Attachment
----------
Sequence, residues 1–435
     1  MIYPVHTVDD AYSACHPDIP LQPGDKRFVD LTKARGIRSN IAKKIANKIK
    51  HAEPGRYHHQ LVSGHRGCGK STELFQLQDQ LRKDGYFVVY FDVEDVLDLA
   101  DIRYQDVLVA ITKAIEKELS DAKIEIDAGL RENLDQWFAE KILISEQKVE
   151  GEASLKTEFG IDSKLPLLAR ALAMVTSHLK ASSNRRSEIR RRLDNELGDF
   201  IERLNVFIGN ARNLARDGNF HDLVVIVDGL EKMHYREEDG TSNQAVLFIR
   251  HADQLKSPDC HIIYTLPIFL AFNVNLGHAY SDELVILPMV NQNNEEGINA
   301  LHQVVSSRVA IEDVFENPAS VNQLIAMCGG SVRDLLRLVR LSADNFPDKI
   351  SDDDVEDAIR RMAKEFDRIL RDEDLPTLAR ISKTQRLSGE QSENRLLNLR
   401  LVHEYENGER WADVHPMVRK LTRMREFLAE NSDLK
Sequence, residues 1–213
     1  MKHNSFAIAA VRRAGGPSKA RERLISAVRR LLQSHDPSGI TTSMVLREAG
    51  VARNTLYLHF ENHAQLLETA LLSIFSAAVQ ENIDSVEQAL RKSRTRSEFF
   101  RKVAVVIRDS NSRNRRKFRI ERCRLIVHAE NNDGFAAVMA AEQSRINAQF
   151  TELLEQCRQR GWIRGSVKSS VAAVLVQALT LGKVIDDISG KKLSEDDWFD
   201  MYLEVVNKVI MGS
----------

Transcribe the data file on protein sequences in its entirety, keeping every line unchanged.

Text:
Sequence, residues 1–435
     1  MIYPVHTVDD AYSACHPDIP LQPGDKRFVD LTKARGIRSN IAKKIANKIK
    51  HAEPGRYHHQ LVSGHRGCGK STELFQLQDQ LRKDGYFVVY FDVEDVLDLA
   101  DIRYQDVLVA ITKAIEKELS DAKIEIDAGL RENLDQWFAE KILISEQKVE
   151  GEASLKTEFG IDSKLPLLAR ALAMVTSHLK ASSNRRSEIR RRLDNELGDF
   201  IERLNVFIGN ARNLARDGNF HDLVVIVDGL EKMHYREEDG TSNQAVLFIR
   251  HADQLKSPDC HIIYTLPIFL AFNVNLGHAY SDELVILPMV NQNNEEGINA
   301  LHQVVSSRVA IEDVFENPAS VNQLIAMCGG SVRDLLRLVR LSADNFPDKI
   351  SDDDVEDAIR RMAKEFDRIL RDEDLPTLAR ISKTQRLSGE QSENRLLNLR
   401  LVHEYENGER WADVHPMVRK LTRMREFLAE NSDLK
Sequence, residues 1–213
     1  MKHNSFAIAA VRRAGGPSKA RERLISAVRR LLQSHDPSGI TTSMVLREAG
    51  VARNTLYLHF ENHAQLLETA LLSIFSAAVQ ENIDSVEQAL RKSRTRSEFF
   101  RKVAVVIRDS NSRNRRKFRI ERCRLIVHAE NNDGFAAVMA AEQSRINAQF
   151  TELLEQCRQR GWIRGSVKSS VAAVLVQALT LGKVIDDISG KKLSEDDWFD
   201  MYLEVVNKVI MGS